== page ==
The Home Office has published a series of recommendations for cyber security within a trio of guides on what it has learned from a research programme on relevant threats.
On the 3rd March 2020, the UK government released its coronavirus action plan. The high-level synopsis describes 4 phases of dealing with the coronavirus: contain, delay, research and mitigate. Whilst the UK is currently within the contain phase, PM Johnson has expressed that this may not be enough and the UK may be forced to enter the delay phase at some point in the near future. Despite the UK government assuring the general public that it is well prepared for an unforeseen event such as this, global fear continues to grow, as seen by the extreme cases of panic buying. In these situations, it is worthwhile to remain calm, assess the situation, learn from our mistakes and prepare for the future.
In this blog post, I would like to cover a handful of potential ICT market shifts that could result from the COVID-19 outbreak, with a particular focus on UK health and social care.
The GDS is assembling a business case as information about the impact of disjointed government offerings is gathered
The Government Digital Service (GDS) has allocated a team to put together a business case together for joined-up government services.
If the coronavirus has your office working remotely, here’s how to keep in touch.
Many more offices might soon be issuing a work-from-home policy as cases of the coronavirus increase around the world. To date, there are over 100,000 cases globally. Tech giants including Apple have mandated their employees work remotely and instituted aid for hourly workers.
This is the latest instalment of an exclusive series analysing the UK’s biggest public sector tech deals. In partnership with GlobalData, we’ve drilled down into the most valuable tenders and awards from the last seven days. Here’s what we found this week…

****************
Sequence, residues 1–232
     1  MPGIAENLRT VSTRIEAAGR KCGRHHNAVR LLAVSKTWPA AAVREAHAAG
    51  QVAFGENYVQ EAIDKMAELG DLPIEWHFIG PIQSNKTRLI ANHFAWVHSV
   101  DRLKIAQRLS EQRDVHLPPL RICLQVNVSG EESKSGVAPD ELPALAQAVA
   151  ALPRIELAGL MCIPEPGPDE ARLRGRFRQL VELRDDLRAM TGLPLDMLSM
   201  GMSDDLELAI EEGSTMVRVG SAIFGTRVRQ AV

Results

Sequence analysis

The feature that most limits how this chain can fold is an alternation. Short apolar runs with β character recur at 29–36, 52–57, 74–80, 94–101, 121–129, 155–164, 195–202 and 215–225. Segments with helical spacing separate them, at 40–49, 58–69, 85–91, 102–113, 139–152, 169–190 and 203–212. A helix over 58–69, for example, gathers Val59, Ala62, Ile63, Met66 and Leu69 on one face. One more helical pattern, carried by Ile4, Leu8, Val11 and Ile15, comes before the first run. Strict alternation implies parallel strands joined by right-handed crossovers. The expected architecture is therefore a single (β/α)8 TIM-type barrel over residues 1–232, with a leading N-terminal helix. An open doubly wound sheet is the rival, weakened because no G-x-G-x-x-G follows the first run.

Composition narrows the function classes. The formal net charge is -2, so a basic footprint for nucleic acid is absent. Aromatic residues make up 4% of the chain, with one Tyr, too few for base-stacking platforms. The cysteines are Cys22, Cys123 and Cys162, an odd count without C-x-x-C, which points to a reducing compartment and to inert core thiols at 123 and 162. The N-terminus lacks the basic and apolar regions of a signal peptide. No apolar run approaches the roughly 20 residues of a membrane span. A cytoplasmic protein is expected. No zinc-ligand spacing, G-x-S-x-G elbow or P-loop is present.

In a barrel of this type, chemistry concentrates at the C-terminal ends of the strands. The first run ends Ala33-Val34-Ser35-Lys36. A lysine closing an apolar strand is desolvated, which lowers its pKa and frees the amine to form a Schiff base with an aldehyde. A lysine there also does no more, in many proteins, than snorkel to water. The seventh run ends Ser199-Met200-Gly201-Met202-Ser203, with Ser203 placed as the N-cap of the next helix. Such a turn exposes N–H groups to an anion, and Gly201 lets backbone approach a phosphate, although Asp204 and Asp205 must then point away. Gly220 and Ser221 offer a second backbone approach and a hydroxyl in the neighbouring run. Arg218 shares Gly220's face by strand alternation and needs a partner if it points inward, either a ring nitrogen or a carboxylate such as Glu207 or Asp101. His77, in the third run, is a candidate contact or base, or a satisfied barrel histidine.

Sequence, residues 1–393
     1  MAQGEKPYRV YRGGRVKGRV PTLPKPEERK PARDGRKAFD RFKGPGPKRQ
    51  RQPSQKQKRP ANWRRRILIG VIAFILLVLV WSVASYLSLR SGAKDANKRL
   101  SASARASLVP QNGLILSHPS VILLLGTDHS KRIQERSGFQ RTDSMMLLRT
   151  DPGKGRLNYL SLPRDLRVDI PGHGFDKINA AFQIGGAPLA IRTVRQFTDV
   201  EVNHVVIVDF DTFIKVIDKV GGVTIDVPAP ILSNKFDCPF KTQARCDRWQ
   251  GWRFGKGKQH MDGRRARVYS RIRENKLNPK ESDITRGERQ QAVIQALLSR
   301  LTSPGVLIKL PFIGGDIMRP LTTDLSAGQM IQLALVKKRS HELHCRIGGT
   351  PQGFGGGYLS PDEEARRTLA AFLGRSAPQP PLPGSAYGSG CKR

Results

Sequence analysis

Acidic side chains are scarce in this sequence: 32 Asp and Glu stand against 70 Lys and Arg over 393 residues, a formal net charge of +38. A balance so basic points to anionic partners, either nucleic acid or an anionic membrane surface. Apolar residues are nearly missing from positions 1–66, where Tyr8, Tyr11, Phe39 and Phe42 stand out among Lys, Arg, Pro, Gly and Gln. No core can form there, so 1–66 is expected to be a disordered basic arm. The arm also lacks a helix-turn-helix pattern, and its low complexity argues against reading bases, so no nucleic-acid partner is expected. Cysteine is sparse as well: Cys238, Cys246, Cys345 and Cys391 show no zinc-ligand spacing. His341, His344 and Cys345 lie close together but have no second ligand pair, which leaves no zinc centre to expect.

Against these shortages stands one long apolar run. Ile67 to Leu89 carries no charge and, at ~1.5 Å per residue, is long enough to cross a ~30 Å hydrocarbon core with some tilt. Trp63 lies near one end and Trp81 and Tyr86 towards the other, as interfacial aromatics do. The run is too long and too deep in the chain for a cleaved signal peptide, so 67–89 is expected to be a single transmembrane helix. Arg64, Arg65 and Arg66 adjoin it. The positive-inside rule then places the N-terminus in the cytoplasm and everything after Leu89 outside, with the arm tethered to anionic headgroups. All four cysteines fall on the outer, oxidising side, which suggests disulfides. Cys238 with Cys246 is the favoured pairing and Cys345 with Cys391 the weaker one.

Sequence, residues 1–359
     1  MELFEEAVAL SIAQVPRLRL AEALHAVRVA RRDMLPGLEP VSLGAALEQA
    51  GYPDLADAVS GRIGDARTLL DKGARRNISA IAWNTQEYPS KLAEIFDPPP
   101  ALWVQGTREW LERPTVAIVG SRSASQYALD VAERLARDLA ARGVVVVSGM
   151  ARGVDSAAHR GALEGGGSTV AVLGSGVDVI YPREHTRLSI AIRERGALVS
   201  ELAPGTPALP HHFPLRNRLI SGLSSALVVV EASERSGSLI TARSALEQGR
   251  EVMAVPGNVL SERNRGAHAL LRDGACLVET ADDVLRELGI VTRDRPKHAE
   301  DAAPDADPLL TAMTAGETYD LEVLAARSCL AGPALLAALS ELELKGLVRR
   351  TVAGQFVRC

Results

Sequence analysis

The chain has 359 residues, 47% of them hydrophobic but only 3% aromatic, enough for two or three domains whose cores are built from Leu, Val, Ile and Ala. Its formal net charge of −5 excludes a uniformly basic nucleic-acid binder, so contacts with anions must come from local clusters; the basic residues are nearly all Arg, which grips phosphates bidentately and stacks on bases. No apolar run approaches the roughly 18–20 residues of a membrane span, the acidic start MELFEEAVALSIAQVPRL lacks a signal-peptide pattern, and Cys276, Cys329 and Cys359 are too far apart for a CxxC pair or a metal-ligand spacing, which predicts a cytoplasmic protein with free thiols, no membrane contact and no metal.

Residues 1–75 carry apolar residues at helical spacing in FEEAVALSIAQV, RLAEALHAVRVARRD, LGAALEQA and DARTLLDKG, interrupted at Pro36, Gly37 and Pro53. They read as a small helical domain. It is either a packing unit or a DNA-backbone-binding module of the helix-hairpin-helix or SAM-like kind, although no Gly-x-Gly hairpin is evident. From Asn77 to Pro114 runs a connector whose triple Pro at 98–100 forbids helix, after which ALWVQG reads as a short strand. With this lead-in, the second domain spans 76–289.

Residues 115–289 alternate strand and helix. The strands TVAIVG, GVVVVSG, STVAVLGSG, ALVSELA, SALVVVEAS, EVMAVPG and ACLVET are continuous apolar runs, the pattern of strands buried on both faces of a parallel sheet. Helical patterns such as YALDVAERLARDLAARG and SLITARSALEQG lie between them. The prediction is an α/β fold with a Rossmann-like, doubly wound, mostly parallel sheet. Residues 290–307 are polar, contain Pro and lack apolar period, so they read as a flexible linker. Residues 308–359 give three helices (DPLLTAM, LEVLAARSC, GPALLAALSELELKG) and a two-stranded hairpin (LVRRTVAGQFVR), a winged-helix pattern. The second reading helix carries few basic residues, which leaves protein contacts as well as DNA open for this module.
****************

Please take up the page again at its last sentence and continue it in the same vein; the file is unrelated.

The top prior information notices –
Mobile operator O2 has today announced that it aims to become the UK’s “first net zero mobile network.” As part of that they’ve pledged to remove carbon emissions from their entire business and network by the end of 2025, whilst also working with supply chain partners to cut emissions by 30%
Openreach (BT) has notified us that the full commercial launch of their new “stand-alone broadband” product for UK ISPs – Single Order Generic Ethernet Access (SOGEA) – has officially started, which they said “marks the beginning of the end” for the old analogue telephone network.
With the new year in full swing, executives are evaluating how best to leverage their technological tools and stay ahead of the curve.
Deloitte recently released “Tech Trends 2020,” the company’s 11th annual evaluation of emerging technology trends. Several trends that the company highlighted in the report have emerged in reaction to long-term IT challenges, while others address the technological needs of large firms, Deloitte said.
The Tech Trends 2020 report updates last year’s focus on nine macro technology forces: digital experience, analytics, cloud, core modernization, risk, the business of technology, digital reality, cognitive, and blockchain.
As more and more gargantuan data centers come on line, environmentalists have been concerned about massive increases in electricity consumption and pollution. However, according to a new study published in Science, that simply hasn’t happened.
Where is ‘innovation’ truly happening? For some, the word conjures up locations prefixed by ‘Silicon’; for others, it’s just another buzzword. What doesn’t always come to mind is the public sector. Yet it’s here that technological innovation is actually happening: practical, applicable innovation that’s making a genuine difference to people’s lives every day.
At least, that’s the viewpoint of Matt Spencer, Head of Public Sector at O2. He took some time to speak with Public Sector Executive about exactly why he and the wider company are looking to the public sector to be the standard-bearers for real digital transformation.